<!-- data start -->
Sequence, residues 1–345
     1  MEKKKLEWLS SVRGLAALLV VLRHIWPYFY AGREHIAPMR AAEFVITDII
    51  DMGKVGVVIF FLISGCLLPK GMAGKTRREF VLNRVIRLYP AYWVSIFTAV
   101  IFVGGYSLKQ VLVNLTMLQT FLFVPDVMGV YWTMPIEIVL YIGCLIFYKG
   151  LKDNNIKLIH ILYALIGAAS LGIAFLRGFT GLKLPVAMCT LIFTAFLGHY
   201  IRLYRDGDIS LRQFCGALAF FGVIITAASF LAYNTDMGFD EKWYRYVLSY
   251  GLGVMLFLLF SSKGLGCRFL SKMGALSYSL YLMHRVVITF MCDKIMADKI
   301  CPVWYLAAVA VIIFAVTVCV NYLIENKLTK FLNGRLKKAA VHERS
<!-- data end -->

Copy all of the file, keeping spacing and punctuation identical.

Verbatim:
Sequence, residues 1–345
     1  MEKKKLEWLS SVRGLAALLV VLRHIWPYFY AGREHIAPMR AAEFVITDII
    51  DMGKVGVVIF FLISGCLLPK GMAGKTRREF VLNRVIRLYP AYWVSIFTAV
   101  IFVGGYSLKQ VLVNLTMLQT FLFVPDVMGV YWTMPIEIVL YIGCLIFYKG
   151  LKDNNIKLIH ILYALIGAAS LGIAFLRGFT GLKLPVAMCT LIFTAFLGHY
   201  IRLYRDGDIS LRQFCGALAF FGVIITAASF LAYNTDMGFD EKWYRYVLSY
   251  GLGVMLFLLF SSKGLGCRFL SKMGALSYSL YLMHRVVITF MCDKIMADKI
   301  CPVWYLAAVA VIIFAVTVCV NYLIENKLTK FLNGRLKKAA VHERS